Jacopo Peri


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Peri, Jacopo

 

(nickname Il Zazzerino, “the long-haired”). Born Aug. 20, 1561, in Rome; died Aug. 12, 1633, in Florence. Italian singer and composer. One of opera’s founders.

Peri was a member of the Florentine Camerata. In 1592 he, together with J. Corsi, composed the music for the first opera, Dafne, for which the poet O. Rinuccini wrote the libretto. It was first performed in 1597–98 in Florence. None of the music composed by Peri has survived. His opera Euridice (1600) is the most brilliant of the extant early operas; Peri himself sang the part of Orpheus in the first performances.

REFERENCE

Rolland, R. Opera v XVII v. v Italii, Germanii, Anglii. Moscow, 1931. (Translated from French.)

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En poco mas de una decada de experimentaciones sonoras, el habla corriente, codificada en el flamante estilo monodico alcanzo, en manos de Monteverdi, la ansiada sintesis bosquejada por sus iniciadores (eran estos los cofrades de Bardi, entre los que destacaron Jacopo Peri, Ottavio Rinuccini, Giulio Caccini, Pietro Strozzi y Vincenzo Galilei, padre del astronomo).
Orpheus in the Marketplace: Jacopo Peri and the Economy of Late Renaissance Florence.
La historia de la opera inicio con Dafne (1598), del italiano Jacopo Peri.
Only a few fragments of the music, by Jacopo Peri and Jacopo Corsi, have been preserved.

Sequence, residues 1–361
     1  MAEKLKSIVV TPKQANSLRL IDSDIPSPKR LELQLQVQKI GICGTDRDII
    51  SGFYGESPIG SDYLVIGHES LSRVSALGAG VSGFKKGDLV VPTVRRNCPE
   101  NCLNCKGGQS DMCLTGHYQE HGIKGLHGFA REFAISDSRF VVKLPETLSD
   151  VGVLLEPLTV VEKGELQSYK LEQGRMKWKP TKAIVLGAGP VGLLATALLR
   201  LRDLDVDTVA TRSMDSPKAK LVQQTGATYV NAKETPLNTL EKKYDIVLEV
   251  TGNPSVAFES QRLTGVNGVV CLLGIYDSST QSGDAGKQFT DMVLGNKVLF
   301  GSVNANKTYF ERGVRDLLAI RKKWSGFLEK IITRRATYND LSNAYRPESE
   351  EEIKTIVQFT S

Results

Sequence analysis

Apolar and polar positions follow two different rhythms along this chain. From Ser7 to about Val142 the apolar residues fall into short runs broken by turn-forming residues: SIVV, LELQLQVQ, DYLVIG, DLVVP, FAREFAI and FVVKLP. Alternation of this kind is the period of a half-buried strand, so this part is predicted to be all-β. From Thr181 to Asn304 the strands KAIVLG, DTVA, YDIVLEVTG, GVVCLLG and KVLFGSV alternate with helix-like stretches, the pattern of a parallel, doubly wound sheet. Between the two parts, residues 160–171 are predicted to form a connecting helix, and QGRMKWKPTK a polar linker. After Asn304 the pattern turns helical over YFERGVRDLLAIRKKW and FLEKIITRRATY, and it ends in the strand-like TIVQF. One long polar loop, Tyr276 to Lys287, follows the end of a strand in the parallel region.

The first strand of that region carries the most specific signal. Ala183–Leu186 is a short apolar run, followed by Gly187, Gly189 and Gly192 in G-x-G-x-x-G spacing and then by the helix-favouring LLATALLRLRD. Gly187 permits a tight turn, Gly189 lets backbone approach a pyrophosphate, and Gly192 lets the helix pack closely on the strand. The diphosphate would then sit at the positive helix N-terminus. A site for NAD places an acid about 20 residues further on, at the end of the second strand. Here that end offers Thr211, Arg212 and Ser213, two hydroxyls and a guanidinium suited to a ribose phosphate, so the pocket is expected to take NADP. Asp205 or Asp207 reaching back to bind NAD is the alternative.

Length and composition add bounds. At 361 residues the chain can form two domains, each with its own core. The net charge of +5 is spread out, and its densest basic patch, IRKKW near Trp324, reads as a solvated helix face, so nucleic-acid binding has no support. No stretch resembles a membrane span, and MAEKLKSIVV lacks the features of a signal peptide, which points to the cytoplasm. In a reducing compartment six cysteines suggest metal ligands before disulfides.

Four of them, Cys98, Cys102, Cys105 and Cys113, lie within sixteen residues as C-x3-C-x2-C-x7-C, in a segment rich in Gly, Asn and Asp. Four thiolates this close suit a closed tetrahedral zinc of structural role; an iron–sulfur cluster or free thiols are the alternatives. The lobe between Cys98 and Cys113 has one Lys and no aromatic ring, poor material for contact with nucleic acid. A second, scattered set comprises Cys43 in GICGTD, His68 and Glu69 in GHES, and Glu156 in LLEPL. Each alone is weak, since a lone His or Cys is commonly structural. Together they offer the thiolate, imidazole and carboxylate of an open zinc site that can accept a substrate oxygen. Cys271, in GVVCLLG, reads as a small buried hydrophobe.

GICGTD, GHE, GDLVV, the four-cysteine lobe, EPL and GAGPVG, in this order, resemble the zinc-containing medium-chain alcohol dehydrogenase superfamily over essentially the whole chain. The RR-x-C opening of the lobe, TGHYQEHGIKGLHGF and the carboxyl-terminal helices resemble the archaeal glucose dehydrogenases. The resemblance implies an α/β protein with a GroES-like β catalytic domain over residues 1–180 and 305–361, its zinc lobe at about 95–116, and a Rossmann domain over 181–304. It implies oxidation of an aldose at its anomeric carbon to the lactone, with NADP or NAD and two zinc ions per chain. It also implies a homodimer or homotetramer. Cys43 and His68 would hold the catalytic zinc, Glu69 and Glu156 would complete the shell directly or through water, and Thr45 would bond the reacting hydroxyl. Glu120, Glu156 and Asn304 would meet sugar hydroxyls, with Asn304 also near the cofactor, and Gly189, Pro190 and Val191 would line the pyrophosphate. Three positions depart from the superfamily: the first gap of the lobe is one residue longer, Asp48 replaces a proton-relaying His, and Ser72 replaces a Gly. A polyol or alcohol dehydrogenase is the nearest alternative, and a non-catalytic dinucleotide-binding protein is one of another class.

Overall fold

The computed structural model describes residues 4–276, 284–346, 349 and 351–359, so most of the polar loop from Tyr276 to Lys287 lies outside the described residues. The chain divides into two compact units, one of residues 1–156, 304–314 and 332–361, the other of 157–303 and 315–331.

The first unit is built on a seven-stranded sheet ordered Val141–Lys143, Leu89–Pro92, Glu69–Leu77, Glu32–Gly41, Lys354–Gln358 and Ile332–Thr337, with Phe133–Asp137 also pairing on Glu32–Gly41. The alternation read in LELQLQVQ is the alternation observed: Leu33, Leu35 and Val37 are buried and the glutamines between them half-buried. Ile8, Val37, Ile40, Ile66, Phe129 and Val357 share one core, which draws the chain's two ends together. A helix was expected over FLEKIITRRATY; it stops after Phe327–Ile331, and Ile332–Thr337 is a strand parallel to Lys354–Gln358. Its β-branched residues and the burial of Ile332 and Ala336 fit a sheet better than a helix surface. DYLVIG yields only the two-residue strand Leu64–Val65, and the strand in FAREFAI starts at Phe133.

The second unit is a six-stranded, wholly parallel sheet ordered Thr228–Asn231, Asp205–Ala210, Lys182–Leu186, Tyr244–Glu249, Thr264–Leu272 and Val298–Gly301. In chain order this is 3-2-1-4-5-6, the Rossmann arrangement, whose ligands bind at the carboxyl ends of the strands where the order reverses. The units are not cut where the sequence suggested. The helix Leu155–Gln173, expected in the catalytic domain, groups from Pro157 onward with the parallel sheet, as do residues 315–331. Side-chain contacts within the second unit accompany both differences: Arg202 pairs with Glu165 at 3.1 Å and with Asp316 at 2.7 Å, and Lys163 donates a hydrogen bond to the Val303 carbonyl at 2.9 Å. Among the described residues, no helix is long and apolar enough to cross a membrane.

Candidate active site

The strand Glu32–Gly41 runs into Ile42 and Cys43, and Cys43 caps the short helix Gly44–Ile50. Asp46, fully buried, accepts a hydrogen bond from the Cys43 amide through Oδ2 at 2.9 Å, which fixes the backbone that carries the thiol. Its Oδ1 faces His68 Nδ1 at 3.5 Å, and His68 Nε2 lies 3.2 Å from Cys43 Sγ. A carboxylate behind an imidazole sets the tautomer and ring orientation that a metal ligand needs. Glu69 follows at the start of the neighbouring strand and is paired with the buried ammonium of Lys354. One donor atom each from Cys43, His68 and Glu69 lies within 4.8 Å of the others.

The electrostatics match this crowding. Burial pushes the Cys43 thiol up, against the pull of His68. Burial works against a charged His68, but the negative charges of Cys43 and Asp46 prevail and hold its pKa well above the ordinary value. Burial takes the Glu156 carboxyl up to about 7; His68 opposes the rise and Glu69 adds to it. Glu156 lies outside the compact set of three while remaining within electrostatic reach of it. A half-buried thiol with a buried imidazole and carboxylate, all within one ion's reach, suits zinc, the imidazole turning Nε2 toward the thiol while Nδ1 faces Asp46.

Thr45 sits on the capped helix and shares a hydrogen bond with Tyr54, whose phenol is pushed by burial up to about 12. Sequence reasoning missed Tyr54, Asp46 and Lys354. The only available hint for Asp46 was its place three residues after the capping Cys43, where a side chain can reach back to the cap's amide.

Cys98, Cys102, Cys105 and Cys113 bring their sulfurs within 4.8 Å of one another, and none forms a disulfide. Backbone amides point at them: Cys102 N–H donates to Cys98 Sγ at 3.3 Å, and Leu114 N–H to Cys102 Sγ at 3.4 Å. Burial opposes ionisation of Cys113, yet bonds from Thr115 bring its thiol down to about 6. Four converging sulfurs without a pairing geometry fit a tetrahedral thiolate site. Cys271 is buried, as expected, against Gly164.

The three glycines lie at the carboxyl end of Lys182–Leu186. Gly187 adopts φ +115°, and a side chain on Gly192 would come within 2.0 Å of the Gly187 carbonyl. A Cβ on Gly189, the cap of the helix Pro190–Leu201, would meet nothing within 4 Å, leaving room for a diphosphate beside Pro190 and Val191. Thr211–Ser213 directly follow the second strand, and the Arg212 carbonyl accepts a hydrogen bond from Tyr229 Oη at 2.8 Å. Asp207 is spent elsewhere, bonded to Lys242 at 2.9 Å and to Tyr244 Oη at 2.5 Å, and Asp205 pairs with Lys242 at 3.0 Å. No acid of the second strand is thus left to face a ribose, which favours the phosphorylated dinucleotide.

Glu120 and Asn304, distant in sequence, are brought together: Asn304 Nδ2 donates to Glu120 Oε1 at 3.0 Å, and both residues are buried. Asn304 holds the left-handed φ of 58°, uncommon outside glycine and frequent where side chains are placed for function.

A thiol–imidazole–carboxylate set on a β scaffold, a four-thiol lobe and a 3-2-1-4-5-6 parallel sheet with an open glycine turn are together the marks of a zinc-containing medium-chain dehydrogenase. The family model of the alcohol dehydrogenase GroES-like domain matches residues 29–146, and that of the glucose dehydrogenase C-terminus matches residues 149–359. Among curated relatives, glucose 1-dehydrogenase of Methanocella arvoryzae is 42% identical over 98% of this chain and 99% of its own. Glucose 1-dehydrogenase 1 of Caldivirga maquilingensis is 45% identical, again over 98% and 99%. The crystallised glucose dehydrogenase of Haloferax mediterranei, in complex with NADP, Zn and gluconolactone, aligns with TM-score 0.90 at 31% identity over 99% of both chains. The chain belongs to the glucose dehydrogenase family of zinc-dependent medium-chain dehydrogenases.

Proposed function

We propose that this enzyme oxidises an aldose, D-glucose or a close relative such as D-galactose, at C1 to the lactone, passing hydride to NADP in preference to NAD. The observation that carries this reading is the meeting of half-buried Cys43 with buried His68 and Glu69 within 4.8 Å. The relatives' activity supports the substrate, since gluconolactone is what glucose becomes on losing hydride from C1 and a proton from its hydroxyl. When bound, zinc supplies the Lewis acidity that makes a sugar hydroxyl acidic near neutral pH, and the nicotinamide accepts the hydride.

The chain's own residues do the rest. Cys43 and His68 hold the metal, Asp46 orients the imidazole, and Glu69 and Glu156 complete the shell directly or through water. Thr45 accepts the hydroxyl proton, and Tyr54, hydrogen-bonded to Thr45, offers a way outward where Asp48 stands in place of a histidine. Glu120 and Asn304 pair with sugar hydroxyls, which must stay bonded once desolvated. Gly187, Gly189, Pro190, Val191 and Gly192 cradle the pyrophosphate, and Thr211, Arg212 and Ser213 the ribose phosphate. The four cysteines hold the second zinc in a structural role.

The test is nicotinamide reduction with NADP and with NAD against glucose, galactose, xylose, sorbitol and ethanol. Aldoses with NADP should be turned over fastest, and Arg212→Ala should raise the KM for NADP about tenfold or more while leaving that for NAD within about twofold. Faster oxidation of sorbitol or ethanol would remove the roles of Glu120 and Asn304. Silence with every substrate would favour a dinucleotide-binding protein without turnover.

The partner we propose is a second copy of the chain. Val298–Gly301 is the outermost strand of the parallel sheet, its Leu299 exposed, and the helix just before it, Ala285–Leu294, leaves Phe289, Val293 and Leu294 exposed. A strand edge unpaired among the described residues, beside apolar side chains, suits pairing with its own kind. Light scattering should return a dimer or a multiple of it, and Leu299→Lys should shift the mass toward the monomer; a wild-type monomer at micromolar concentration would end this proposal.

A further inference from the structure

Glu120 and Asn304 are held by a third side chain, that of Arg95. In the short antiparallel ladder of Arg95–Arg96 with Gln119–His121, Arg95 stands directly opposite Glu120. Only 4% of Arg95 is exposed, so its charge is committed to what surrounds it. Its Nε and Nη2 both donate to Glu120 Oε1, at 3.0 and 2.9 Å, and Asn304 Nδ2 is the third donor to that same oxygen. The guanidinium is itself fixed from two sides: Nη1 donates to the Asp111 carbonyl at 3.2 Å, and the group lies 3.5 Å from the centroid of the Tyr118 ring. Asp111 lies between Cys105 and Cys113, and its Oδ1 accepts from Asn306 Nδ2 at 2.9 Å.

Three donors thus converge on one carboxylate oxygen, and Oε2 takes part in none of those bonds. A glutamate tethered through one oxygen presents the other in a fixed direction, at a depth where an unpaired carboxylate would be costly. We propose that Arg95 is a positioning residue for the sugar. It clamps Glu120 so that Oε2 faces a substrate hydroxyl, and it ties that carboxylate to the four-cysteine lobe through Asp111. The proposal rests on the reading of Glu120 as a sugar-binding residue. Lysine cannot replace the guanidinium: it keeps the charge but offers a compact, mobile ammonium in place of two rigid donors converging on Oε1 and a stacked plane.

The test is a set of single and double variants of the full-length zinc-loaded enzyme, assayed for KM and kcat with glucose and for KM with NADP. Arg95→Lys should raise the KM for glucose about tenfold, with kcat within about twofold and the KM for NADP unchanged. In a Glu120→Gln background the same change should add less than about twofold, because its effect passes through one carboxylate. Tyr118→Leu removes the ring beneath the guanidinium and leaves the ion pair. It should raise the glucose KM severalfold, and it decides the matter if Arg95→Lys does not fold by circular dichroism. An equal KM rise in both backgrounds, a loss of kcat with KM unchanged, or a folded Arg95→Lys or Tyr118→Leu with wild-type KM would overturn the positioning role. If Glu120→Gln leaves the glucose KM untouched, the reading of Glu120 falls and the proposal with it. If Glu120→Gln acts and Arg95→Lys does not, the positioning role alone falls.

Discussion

These include works by Jacopo Peri, Marco da Gagliano, and Francesca Caccini, composers who exercised remarkable influence on the development of early seventeenth-century opera, a genre still at its inception.
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Among them were Jacopo Peri, Luca Marenzio (for only about a year), Cosimo Bottegari, Giovanni Battista Jacomelli, Antonio Archilei, Vittoria Archilei, Antonio Naldi (known as "Bardella," inventor of the chitarrone or theorbo), Giovanni and Jacopo del Franciosino, and Francesca Caccini.
The earliest operas, beginning in 1597 with Ottavio Rinuccini's Dafne, set to music by Jacopo Peri, were court entertainments, and as a commemoration the words were printed in a small book, or "libretto.
What may with some justification claim to be the first opera per se was Dafne, by Jacopo Peri, performed in Florence in 1598.
The first extant opera, by Jacopo Peri, was based on it, as were many others, including those by Monteverdi and Haydn; the most famous is Gluck 's Orpheus and Eurydice (1762).
El responsable del exito de la ambientacion sonora--tan responsable como pudieron haber sido en su conjunto los maestros pasteleros o los oradores--fue el compositor Jacopo Peri, con su Euridice.
The first three essays are devoted to the pioneering opera composer Jacopo Peri, while his contemporary, Giulio Caccini, is treated in a later chapter.